2. I am a fan (of some human beings who live this lifestyle)!

     Another thing is that there are some folks in the world who choose to live lifestyles that are not in alignment with what I believe to be right and I still can love them.  For example, I have had a couple of members in my family who have been drug dealers and I knew about it.  I would still embrace them and love them when I saw them at family functions and holiday gatherings, but I would never support their evil "vocation."  I do not respect anyone who peddles drugs and destroy our communities, yet, I did not dismiss certain family members of mine who feel that it is okay to live that lifestyle.
     Also, there are gay men and lesbian women whose performances in sports and music I truly appreciate.  Have you heard the songs "Rocket Man" or "Levon"?  Well, let me tell you that you do not know what you are missing.  The singer is Elton John and he is an amazing piano player and a wonderful singer.  I have bought his songs before and I cannot tell you that I never will again.  Have you ever watched United States women's soccer?  Have you seen our national team during their World Cup or Olympic run?  Have you ever heard of Abby Wambach or Megan Rapinoe?  They both are lesbians that are vocal about their beliefs and they are fantastic soccer players.  Wambach is now retired but I loved watching her, Rapinoe, and the other ladies win gold medals and championships.  I try to keep up with their schedule as much as I can.  If I have a daughter, then she will be signed up for soccer.  I appreciate what they do in their work, and I cannot somehow take those actions away from the persons that are committing them.  I could go on making an argument with this point, but my main thing is that not every action from a person who identifies as LGBTQ is wrong because of what they identify as.

3. I can disagree with people's actions and still love them!  (I believe that I have been called to love people as God's creations, but I may strongly disagree with & possibly hate their actions!  I am - believe it or not - disgusted with my own failures (i.e. sins) to remain holy and reach God's Glory!)

     Some people may believe that it is hard to disagree with another's actions while loving them.  Of course, I would disagree with them and I would counter that every action from a person does not need to support every time in order to love them completely.  I would like to think that I love my wife completely, but believe me when I say that we are not always in agreement with each other's actions.  For example, I love her natural hair, and I do not like when she adds other hair to it.  That's the way that I feel and I am not changing my mind on that any time soon.  Guess what?  My wife does not support my view, and I love her just fine.  (I hate the other hair though, and I do condemn it to eternal damnation.)  I do not feel that my actions diminishes her value, but I do not see it as truly beneficial to her being in any fashion.  Of course, she would disagree, nevertheless, she has my heart and I have hers.  So, I believe that it is completely possible to love an LGBTQ activist and still disagree with their position on that lifestyle.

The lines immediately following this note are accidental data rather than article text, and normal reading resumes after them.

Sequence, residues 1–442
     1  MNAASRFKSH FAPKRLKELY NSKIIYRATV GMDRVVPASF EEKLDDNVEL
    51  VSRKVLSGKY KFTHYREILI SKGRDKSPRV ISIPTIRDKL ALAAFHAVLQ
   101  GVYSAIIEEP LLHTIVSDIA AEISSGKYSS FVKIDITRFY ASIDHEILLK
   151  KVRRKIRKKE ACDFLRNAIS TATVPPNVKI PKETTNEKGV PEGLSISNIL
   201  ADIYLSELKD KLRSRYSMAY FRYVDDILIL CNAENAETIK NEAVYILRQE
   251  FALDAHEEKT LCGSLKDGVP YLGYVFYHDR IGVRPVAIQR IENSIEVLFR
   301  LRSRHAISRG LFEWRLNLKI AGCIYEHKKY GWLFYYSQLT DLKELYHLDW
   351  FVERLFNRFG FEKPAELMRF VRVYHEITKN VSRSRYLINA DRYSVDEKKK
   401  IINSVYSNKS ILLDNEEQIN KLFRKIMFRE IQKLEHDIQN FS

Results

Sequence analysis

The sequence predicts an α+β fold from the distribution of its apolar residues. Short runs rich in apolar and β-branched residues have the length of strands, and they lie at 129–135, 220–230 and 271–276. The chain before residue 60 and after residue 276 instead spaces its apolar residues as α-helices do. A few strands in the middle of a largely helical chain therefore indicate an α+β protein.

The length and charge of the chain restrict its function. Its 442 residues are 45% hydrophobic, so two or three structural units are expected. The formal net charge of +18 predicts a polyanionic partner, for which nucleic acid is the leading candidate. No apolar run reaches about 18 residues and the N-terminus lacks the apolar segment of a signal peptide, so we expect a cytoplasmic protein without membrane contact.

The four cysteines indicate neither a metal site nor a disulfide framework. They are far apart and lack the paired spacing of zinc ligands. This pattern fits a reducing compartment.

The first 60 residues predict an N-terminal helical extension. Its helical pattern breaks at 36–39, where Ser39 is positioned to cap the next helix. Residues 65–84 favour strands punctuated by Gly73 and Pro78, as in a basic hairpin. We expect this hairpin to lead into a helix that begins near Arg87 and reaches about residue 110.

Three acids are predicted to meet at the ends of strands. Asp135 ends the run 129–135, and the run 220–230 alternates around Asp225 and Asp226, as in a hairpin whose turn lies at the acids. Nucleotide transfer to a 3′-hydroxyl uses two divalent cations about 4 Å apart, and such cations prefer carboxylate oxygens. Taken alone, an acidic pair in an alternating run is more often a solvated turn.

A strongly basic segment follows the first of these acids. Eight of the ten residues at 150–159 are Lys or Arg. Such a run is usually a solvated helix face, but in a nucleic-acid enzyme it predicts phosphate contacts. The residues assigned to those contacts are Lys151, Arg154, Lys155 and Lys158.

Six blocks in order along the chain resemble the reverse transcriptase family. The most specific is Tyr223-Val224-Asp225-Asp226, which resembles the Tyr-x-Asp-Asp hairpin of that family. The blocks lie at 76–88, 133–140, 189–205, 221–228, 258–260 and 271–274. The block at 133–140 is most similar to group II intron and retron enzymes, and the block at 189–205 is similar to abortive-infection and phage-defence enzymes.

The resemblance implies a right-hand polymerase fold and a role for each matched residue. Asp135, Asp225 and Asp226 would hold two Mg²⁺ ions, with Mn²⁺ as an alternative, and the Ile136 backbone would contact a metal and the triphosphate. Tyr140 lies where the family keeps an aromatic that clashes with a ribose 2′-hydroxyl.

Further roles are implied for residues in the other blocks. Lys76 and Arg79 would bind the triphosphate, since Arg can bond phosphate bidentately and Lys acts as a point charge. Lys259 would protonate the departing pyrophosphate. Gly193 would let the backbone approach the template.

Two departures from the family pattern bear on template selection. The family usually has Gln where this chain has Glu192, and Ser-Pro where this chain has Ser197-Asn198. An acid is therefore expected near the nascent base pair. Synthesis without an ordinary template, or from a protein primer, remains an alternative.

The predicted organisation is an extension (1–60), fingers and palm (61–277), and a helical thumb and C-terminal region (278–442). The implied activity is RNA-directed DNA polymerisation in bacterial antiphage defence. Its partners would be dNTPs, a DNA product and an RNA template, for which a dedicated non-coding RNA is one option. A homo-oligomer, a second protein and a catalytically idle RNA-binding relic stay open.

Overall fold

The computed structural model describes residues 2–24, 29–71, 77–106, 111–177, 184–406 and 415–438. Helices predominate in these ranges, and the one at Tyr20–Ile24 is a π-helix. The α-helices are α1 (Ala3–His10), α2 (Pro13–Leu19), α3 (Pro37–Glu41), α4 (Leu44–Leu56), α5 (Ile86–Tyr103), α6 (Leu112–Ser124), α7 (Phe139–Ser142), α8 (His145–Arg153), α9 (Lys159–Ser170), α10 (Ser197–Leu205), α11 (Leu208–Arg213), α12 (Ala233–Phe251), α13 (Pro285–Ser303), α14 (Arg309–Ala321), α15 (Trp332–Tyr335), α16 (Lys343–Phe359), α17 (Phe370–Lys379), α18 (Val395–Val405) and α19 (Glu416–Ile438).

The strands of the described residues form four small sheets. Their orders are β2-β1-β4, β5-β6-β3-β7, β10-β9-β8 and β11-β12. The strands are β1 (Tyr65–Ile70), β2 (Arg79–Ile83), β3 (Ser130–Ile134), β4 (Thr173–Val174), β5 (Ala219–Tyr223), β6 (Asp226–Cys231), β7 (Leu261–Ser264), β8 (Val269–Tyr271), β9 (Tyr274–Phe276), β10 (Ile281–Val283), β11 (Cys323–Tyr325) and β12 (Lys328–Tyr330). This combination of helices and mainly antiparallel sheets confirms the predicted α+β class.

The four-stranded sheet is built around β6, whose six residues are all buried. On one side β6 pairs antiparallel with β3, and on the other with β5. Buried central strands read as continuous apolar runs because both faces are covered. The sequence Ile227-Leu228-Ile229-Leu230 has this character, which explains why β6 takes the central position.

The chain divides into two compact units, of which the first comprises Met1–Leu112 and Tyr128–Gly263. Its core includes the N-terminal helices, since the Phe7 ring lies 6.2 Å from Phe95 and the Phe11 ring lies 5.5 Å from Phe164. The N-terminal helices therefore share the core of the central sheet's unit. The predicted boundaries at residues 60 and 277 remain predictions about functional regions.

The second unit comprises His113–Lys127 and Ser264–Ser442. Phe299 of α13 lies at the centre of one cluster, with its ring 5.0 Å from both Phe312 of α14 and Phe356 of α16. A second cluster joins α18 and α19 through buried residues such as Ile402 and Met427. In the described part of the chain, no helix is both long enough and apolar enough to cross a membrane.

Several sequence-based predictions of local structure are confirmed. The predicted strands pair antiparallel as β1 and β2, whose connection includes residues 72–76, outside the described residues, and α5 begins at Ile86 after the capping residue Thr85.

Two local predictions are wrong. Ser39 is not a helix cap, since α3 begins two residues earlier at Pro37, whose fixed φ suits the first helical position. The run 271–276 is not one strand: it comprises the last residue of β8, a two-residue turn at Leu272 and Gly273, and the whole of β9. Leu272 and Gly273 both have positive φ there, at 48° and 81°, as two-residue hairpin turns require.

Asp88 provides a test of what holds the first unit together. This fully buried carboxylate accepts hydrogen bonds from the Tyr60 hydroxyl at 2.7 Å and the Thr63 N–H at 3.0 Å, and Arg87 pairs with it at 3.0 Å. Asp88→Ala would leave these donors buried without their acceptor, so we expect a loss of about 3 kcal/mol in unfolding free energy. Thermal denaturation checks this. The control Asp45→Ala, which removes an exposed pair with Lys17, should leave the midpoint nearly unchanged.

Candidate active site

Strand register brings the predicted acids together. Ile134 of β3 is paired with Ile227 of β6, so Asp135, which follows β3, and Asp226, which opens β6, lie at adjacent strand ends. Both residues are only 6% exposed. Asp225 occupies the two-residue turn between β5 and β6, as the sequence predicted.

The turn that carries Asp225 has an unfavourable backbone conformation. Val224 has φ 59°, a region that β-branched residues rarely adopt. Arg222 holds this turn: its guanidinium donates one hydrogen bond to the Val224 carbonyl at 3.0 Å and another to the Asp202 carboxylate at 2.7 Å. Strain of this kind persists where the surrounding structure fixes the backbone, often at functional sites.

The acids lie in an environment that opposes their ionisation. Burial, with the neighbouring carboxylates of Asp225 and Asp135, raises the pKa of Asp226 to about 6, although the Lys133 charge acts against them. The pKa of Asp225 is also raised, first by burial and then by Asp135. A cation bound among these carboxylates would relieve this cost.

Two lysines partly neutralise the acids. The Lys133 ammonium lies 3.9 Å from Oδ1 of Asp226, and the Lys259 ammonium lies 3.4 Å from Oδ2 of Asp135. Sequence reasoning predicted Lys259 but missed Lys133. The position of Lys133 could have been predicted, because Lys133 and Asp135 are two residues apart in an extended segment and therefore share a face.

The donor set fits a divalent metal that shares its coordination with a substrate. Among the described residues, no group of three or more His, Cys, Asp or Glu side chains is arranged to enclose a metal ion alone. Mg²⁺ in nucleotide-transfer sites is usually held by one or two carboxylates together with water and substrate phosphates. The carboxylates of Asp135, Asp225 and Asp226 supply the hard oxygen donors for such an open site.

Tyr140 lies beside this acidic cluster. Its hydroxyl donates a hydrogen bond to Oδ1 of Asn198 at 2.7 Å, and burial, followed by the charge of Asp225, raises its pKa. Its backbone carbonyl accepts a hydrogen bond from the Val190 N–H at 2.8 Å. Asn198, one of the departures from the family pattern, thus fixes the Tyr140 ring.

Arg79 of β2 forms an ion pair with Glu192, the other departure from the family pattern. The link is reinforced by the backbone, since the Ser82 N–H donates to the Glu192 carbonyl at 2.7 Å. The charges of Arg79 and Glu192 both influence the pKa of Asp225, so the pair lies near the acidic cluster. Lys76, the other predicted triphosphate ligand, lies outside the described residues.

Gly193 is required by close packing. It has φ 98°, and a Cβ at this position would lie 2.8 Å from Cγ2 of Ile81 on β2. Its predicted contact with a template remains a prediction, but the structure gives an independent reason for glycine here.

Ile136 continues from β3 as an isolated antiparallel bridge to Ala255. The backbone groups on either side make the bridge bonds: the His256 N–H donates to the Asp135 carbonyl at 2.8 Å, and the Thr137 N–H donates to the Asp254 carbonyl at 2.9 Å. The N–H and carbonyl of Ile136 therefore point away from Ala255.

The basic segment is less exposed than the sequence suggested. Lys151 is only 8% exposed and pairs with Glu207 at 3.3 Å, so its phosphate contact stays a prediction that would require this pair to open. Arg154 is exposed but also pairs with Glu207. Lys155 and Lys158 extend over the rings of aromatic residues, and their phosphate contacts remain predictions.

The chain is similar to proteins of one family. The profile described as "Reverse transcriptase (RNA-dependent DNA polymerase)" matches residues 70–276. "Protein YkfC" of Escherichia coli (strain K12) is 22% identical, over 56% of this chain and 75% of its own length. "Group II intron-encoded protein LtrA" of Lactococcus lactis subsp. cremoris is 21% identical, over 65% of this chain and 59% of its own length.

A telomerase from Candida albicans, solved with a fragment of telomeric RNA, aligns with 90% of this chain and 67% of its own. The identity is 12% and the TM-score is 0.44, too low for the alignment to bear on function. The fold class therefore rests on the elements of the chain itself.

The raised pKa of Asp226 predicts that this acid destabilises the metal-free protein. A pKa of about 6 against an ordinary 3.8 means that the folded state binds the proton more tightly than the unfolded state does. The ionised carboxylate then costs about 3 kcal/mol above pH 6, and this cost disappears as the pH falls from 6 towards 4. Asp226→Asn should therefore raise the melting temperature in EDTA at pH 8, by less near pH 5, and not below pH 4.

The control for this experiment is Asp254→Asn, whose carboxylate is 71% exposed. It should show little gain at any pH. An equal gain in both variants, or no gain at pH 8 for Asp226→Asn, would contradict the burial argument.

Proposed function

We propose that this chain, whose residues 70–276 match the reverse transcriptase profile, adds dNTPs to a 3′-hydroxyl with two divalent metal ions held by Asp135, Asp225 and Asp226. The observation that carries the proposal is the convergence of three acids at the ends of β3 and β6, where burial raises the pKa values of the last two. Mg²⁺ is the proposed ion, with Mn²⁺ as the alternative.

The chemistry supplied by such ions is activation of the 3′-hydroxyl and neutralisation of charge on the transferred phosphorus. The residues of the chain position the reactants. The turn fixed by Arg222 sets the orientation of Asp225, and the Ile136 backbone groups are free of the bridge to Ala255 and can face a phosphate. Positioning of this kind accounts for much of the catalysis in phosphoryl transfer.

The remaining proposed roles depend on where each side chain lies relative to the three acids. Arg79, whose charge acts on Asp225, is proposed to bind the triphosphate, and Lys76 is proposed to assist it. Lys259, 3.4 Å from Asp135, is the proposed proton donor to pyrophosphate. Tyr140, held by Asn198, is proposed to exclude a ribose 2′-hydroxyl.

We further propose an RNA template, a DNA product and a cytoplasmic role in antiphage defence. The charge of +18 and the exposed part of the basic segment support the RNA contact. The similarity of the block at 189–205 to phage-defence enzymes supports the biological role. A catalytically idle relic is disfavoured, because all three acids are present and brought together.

4. Ultimately, I follow Jesus!

     Lastly, I cannot hate my LGBTQ brothers and sisters because I believe that it is not in keeping with the life and teachings of my Lord and Savior, Jesus the Christ.  As a matter of fact, from what I see in Scripture, Jesus even sought out some folks who were not living lives that may have been considered to be righteous or pure in any way.  In Luke 19:1-10, we see Jesus meet with Zacchaeus the Tax Collector, considered to be a sinner (as we all are) by the surrounding crowd, and Jesus desires to fellowship with him.  What about the Samaritan woman at the well in the 4th chapter of the book of John?  She clearly was not living a life of purity, even still, the Lord conversed with her and sparked her to bring others to Him.  It is so important for others to do things in love and for the greater good of valuing people because are people and we believe that salvation is for all, if they would just accept it.

In conclusion, it is vital to be loving in dialogue while in discussion of cultural issues for their to be understanding and a meeting on common grounds.  Discourse needs to be cordial in order to get to some place of understanding, which may lead to an arrival at the truth.  We must listen carefully and think before we speak on any given topic, and the speech must be undergirded with love.  We must hold to this kind of ethic when we disagree with those who see our viewpoint as hateful.  We must see the person in front of us as beautiful even if they are physically changing themselves in one way or another.  Viewing them as beautiful, listening to them carefully, thinking about their position patiently, and speaking with love may cause an about-face in our opponents' ideology, not necessarily changing their "lifestyle" immediately, but helping them to see that there is a genuine love for them and the truth and what is right for community and society and beneficial for generations to come.

[A brother, whose podcast that I enjoy, decided to speak on this blog post.  If you are into podcasts and/or have the time, then I will post the link to the podcast episode discussing my blog post.  It starts at around 42:45!
Everything According to Tony Vance - "Church doings, the tithe, and big love" = Church doings, the tithe, and big love - Everything according to Tony Vance | podcast garden
Thank you for your time.  Please feel free to share with your friends and family!]

Feb 11, 2016

Sharing the Beauty of Christ and the Beauty of Being in Christ Through Podcast

As you may gather from going through my blog site, I love the Lord, and I love listening to podcasts.  I have been blessed with a job recently that allows for me to play podcasts almost all day when I am working from my desk.  I wish I had the time and the ability to do my own podcast, as I see it as a means of doing ministry.  Since I cannot do a podcast, I continue to listen to many, and every now and again, they spur me on to write a blog and air out my own thoughts.